Linebackers: Look past the numbers here

Cecil Sapp is one of those inside power runners who rarely loses yardage on any carry, so it came as a surprise to him and his Colorado State teammates when he was tackled for a loss behind the line not once, not twice, but three times in the Liberty Bowl by the same player, LaMarcus McDonald.

Of course, the TCU linebacker had done it all season. He was the Conference USA Defensive Player of the year after leading the Horned Frogs to the No. 1 defensive ranking in all the land. TCU accomplished that with a run defense that allowed 1.98 yards per carry and only 778 yards all season. Sapp did manage to gain over 100 yards in the Liberty Bowl, but as a team Colorado State was held to 89 yards on 31 carries (139 yards total offense) in the 17-3 loss.

Anyone who watched the game would've immediately predicted an NFL job for McDonald, TCU's lead defensive player. But his 40 time of 4.9, after he'd lost 20 pounds to help his speed, turned off plenty of teams. It all added up to one assistant defensive coach uttering the workout process' most definitive line:

"This is all (expletive)," said Chuck Cecil of the Tennessee Titans as he pored over a printout of McDonald's times and measurements. "Put on the film. I know he can play football."

McDonald certainly can play football and the film is most telling at linebacker, a players' players position.

The Pittsburgh Steelers won't be interested in McDonald, but not because of those weights and measures. It has more to do with needs, or lack thereof, and the Steelers don't need an inside linebacker. They could use an outside linebacker to battle Justin Kurpeikis for the job behind Joey Porter. That player – normally a college defensive end -- will also be groomed as a possible starter the following year since it appears as if Jason Gildon's career is winding down.

Second Round – Antwan Peek (6-2 5/8, 246, 4.62) of Cincinnati is the quickest and most agile of the dozen or so "tweeners" available in this draft. But, again, a linebacker isn't all about measurable. The Steelers like the fact that Peek is passionate about the game and is tough with an outstanding work ethic. Like Porter, Peek came to college as a wide receiver and eventually shifted to defense. He spent the last three years as Cincinnati's rush end and was most productive as a junior, when he recorded 12.5 sacks. Teams paid more attention to Peek last year and he was limited to six sacks. Was worked at linebacker this off-season and reportedly looked very comfortable in drills. Back-to-back Antwans in the second round anyone?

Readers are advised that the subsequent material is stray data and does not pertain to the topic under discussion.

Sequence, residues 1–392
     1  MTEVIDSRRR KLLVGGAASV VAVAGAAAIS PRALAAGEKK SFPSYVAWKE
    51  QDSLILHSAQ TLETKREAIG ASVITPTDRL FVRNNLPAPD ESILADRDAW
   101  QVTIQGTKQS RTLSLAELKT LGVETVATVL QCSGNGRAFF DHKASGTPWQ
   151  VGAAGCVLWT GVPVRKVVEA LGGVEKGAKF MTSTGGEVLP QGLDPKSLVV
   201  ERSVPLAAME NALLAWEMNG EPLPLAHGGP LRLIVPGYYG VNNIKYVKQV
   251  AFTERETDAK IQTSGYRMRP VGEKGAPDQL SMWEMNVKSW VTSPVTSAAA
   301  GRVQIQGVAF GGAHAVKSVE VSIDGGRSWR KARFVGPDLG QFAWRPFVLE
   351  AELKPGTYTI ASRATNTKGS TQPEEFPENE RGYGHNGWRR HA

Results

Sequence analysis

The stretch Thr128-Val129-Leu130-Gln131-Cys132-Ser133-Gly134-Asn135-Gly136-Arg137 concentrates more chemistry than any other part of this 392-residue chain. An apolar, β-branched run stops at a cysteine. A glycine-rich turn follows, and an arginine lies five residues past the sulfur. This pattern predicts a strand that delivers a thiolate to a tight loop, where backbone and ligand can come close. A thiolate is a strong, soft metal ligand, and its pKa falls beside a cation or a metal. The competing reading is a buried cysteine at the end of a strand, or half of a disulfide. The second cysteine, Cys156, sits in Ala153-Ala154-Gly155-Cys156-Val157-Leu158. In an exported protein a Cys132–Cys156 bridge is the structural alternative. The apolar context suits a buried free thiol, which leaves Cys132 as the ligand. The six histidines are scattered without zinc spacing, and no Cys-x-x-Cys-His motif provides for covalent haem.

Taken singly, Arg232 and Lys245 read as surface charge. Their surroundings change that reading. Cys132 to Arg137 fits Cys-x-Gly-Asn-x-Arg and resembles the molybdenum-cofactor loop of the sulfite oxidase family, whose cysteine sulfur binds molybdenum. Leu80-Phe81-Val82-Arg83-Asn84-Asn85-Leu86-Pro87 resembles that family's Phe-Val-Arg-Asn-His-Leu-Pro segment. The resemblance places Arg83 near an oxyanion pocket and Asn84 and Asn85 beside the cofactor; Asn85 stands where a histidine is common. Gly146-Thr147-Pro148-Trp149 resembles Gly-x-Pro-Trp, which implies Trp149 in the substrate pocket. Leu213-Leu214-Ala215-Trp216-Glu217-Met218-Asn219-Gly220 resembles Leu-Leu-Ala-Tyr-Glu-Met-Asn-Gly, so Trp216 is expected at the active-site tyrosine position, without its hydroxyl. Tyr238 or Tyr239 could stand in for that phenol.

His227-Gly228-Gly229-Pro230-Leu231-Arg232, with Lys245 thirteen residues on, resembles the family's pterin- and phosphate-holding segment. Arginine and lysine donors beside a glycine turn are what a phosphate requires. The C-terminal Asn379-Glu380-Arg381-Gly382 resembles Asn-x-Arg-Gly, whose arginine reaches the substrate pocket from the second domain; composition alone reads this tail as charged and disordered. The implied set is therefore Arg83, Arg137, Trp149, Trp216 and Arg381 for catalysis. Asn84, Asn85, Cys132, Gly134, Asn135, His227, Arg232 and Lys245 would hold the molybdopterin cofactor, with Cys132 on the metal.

Third Round – Shurron Pierson (6-1 7/8, 243, 4.63) of South Florida is another defensive end who compares favorably with Porter (6-2, 248). Pierson came out a year early after he began to blossom at the end of the 2001 season. In his last 15 games, Pierson's had 17 sacks and a handful of blocked kicks and forced fumbles to go along with an interception. His pass coverage skills, as with any tweener, are the big question mark, but he's shown ability to rush the passer.

Fourth Round – Chaun Thompson (6-1 7/8, 240, 4.53) of West Texas A&M played inside linebacker in college and has more potential as an NFL coverage backer than does the typical tweener. Thompson turned down track scholarships to Princeton, Yale, Stanford and Arizona to play football at D-2 West Texas, where he made the All-America team in spite of his team's 0-11 record. Can run, hit and cover and obviously loves the game.

Fifth Round – Sam Williams (6-4½, 250, 4.58 school workout) of Fresno State is a late bloomer who's impressing scouts in post-season workouts. He has the measurables, but can he turn his hips to drop into coverage? Another possibility is that Williams adds a few pounds to play defensive end in the future. The Steelers have shown plenty of interest.

Seventh Round – John Williamson (6-1½, 235, 4.95) of East Carolina has started at defensive end, outside linebacker and inside linebacker and hasn't impressed with his computer numbers, but this tweener has proven to scouts that he can drop into coverage and play faster than he times.

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Jim Wexell
Steel City

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